Childhood. That time of life that is full of growth, learning, questions and change. A time that plays a part in defining our view of the world and what we hold as important. A time of cultivation and a time that needs wildness.
Most of my childhood was spent living seven miles south of a small college town in eastern South Dakota. Days in the summer were spent outside in the fields around our five acre plot, picking berries and vegetables in the garden (enthusiastically…some of the time) and strategically placing Breyer horse models and My Little Ponies in various little nooks and crannies around the homestead. Spring was muddy and wet, but that just meant there were streams in the back in which to splash. Fall was about apples and jumping in piles of leaves and waiting for the first snowflake. Winter was all about burrowing into the snow, sledding down the hills in the neighbor’s pasture and skating on the frozen cow pond. My brothers and I roamed.
Now I have my own child, and as she grows I’m trying to figure out how to let her have what she needs to develop into her best self. I want her to be able to function in the human world, whatever society looks like by the time she’s navigating her way through it on her own terms. But I also want her to be able to question the status quo and think for herself. And most of all, I want to give her a childhood that allows her to be on intimate terms with the wonder and beauty and life that is so often missed when caught in the throes of modern life. Of course she, not I as her parent, gets to decide what matters to her when all is said and done, and there are some things that are inherent, regardless the experiences that punctuate one’s early life. But what I can do is take her outside regularly and not pack her every waking hour with activities that might look good on paper but take away from opportunities for her to make her own adventure and write her own story.
My point is, at the end of the day, only a caregiver, in partnership with his/her child, knows what is going to serve their unique needs best. What follows are simply some ideas on to to cultivate the space that is conducive to fostering a childhood that is wild and free and full of opportunity to thrive.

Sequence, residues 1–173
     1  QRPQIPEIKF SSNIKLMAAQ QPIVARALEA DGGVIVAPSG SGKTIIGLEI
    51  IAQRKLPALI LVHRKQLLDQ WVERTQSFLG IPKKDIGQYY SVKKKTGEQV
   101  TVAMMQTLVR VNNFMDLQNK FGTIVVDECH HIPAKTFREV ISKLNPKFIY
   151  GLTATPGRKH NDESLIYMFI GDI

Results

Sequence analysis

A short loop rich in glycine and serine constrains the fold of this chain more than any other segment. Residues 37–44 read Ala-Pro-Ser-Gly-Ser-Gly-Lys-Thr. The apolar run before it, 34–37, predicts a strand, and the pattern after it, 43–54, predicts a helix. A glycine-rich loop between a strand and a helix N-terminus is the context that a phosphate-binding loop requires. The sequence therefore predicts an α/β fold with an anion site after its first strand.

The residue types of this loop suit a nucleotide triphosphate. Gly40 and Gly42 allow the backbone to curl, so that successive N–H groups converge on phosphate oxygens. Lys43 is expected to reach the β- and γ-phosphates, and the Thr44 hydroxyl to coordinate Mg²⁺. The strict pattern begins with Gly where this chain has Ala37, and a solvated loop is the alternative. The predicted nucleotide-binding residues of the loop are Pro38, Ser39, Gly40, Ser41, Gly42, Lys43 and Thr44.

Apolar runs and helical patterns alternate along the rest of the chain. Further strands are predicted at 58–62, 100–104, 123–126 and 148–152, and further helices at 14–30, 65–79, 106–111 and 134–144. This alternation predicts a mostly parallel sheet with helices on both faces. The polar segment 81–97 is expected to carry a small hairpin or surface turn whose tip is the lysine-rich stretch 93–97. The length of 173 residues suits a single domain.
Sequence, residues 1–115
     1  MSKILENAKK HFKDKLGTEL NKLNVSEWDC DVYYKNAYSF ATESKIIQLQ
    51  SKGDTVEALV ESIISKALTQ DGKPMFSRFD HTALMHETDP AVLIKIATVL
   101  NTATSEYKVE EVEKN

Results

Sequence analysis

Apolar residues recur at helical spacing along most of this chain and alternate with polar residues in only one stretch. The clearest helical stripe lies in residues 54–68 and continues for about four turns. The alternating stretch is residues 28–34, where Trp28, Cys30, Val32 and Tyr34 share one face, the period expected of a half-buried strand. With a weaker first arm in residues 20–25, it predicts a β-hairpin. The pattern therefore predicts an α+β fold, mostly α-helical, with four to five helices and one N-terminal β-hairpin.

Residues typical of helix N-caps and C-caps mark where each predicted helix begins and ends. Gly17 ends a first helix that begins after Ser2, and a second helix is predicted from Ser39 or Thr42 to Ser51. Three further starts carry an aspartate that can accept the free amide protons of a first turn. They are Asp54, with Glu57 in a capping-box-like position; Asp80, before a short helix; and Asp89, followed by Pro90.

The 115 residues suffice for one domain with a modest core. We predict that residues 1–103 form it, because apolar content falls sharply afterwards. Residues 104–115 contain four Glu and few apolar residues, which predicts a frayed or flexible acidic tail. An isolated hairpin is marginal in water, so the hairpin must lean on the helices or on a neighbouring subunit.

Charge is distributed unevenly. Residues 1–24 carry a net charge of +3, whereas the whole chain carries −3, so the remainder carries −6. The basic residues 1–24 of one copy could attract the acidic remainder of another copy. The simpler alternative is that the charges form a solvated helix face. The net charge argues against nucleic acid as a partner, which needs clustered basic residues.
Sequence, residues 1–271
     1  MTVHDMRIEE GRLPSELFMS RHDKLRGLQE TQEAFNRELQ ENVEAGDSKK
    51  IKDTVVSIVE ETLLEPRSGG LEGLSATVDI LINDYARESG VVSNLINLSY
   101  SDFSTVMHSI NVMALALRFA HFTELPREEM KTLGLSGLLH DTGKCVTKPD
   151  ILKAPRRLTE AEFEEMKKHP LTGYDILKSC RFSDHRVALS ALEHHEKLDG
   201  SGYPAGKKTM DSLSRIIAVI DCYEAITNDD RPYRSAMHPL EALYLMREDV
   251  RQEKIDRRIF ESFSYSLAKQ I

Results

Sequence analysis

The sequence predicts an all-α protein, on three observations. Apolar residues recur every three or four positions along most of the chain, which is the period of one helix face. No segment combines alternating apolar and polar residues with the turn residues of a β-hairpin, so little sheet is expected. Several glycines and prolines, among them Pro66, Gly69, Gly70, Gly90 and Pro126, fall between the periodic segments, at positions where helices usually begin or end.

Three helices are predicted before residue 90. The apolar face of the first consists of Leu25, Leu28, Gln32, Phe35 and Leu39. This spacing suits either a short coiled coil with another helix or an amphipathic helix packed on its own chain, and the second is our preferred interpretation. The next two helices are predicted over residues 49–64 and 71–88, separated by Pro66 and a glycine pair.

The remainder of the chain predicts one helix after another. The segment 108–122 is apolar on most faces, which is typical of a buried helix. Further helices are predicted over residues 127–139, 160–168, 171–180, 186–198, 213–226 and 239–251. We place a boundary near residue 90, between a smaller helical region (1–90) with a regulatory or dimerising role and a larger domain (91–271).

Keep a limited number of toys in your child’s room/play area. Get rid of anything that’s broken and donate what hasn’t been touched in six months. (best done when the kids aren’t present) If they are old enough to understand, invite your children to select 5-7 toys to keep “out”. Put the rest in the closet or somewhere out of sight-the attic or basement is even better. Rotate periodically to keep things fresh. Be sure to stick to the rule of “one toy in, one toy out” to keep the “stuff” in your child’s room from becoming overwhelming again. Limit toys with batteries. Things like sticks, ropes, boxes, swaths of fabric, and old clothes for dress up make great playthings.
2: Let the kids get dirty.
Leave the handmade sweaters that can only be dry-cleaned at home and embrace dirt, mud, grass stains and everything else that comes from moving around outside. Worldwide studies based on children’s lifestyles demonstrate that early exposure to a healthy dose of bacteria is a key factor to a strong immune system later in life. Getting dirty is key to developing a healthy immune system!
3: Learn about the native plants and animals in your immediate area.
There’s great power in knowing your non human neighbors. Get some regional identification books, visit local nature centers and embrace the local flora and fauna.
4: Provide opportunities and then step back.
Young people are more likely to build authentic relationships with the nature world if they do it without feeling like they “have to.” Caregivers can provide direction and structure along the way, but the children have to learn to love the earth on their own terms.
5: Try not to hover.
Safety with young children is important, yet allowing opportunities to fall and get back up again are important learning experiences. Life is best experienced through an energy of curiosity and joy, rather than one punctuated with fear and worry. Children – like all living things — are fragile, resilient, delicate, and sturdy all rolled into one. When they are young, they need protection and care from those who love them. They need concerned attention and hand holding….to a point. What they don’t need is to grow up in the shadow of fear for what might happen if they try something on their own.
6: Think like a mentor.
There’s a place for instruction, to be sure. Kids need to learn and be taught..to a point. But there is so much power in walking side by side and letting the child set the pace of the learning. Lead the children in your care toward embracing nature by walking beside them and exploring it yourself. Young people watch their caregivers closely, and even when it doesn’t seem like they are watching….they are! If you foster a love and appreciation for the nature world in your own story and invite the children in your life to walk with you on the journey, everyone benefits.
As for me, I plan to do my best to give my child a chance to live in a way that reminds her she isn’t separate from nature. I won’t always do the ‘right’ thing and she won’t always want to do what I think she should. But I can offer my own love for the wilds of the world as a demonstration that we are part of the earth, and I can give her the gift of roaming, exploring and being close to nature. Wildness runs through our veins, and we need to remember to feel it. I think children know that when they come into the world, but it’s up to us as caregivers to not let them forget when culture wants to tell them otherwise.
These six tips are from Wild Child: Rewilding Childhood.